VLDPE is defined by a density range of 0.880–0.915 g/cm3. VLDPE is a substantially linear polymer, with high levels of short chain branches, commonly made by copolymerization of ethylene with short-chain alpha-olefins (e.g. 1-butene, 1-hexene, and 1-octene). VLDPE is most commonly produced using metallocene catalysts due to the greater co-monomer incorporation exhibited by these catalysts. VLDPE’s are used for hose and tubing, ice and frozen food bags, food packaging and stretch wrap, as well as impact modifiers when blended with other polymers.
Recently, much research activity has focused on the nature and distribution of long chain branches in polyethylene. In HDPE, a relatively small number of these branches, perhaps 1 in 100 or 1,000 branches per backbone carbon, can significantly affect the rheological properties of the polymer.
In addition to copolymerization with alpha-olefins, ethylene can also be copolymerized with a wide range of other monomers and ionic composition that creates ionized free radicals. Common examples include vinyl acetate (resulting product is ethylene-vinyl acetate copolymer, or EVA, widely used in athletic shoe sole foams), and a variety of acrylates (applications include packaging and sporting goods).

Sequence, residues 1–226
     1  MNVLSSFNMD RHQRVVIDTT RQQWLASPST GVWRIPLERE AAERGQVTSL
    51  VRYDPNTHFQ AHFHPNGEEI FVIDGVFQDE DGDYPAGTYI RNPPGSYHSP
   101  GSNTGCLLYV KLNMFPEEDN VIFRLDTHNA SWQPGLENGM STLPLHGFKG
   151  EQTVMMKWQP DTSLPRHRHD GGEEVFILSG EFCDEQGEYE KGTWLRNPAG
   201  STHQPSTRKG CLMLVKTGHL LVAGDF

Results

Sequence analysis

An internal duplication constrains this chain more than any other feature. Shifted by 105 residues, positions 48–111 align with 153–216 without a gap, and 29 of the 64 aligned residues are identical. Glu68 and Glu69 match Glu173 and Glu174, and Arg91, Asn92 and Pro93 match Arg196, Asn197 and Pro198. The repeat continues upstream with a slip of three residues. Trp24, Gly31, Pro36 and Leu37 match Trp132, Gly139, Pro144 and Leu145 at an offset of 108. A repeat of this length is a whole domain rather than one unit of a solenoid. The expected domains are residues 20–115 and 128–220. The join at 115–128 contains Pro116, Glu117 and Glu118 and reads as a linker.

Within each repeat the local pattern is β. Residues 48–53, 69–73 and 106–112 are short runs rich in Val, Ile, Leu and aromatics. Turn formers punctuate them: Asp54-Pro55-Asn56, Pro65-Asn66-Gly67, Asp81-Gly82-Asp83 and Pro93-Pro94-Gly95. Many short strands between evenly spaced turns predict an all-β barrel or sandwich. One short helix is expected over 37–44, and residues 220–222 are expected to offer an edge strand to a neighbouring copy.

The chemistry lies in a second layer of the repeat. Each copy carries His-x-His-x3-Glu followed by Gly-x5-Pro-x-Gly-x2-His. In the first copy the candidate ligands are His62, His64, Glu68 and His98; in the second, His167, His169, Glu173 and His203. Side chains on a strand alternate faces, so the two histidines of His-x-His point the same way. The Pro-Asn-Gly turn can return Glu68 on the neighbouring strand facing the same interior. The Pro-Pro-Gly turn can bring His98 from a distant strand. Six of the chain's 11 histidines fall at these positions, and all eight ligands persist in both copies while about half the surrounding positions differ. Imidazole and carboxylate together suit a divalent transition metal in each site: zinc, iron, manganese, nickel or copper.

Polyethylene was first synthesized by the German chemist Hans von Pechmann, who prepared it by accident in 1898 while heating diazomethane. When his colleagues Eugen Bamberger and Friedrich Tschirner characterized the white, waxy substance he had created, they recognized that it contained long -CH2- chains and termed it polymethylene.
The first industrially practical polyethylene synthesis was discovered (again by accident) in 1933 by Eric Fawcett and Reginald Gibson at the ICI works in Northwich, England. Upon applying extremely high pressure (several hundred atmospheres) to a mixture of ethylene and benzaldehyde, they again produced a white waxy material. Because the reaction had been initiated by trace oxygen contamination in their apparatus, the experiment was at first difficult to reproduce. It was not until 1935 that another ICI chemist, Michael Perrin, developed this accident into a reproducible high-pressure synthesis for polyethylene that became the basis for industrial LDPE production beginning in 1939.
Subsequent landmarks in polyethylene synthesis have revolved around the development of several types of catalyst that promote ethylene polymerization at more mild temperatures and pressures. The first of these was a chromium trioxide based catalyst discovered in 1951 by Robert Banks and J. Paul Hogan at Phillips Petroleum. In 1953, the German chemist Karl Ziegler developed a catalytic system based on titanium halides and organoaluminum compounds that worked at even milder conditions than the Phillips catalyst. The Phillips catalyst is less expensive and easier to work with, however, and both methods are used in industrial practice.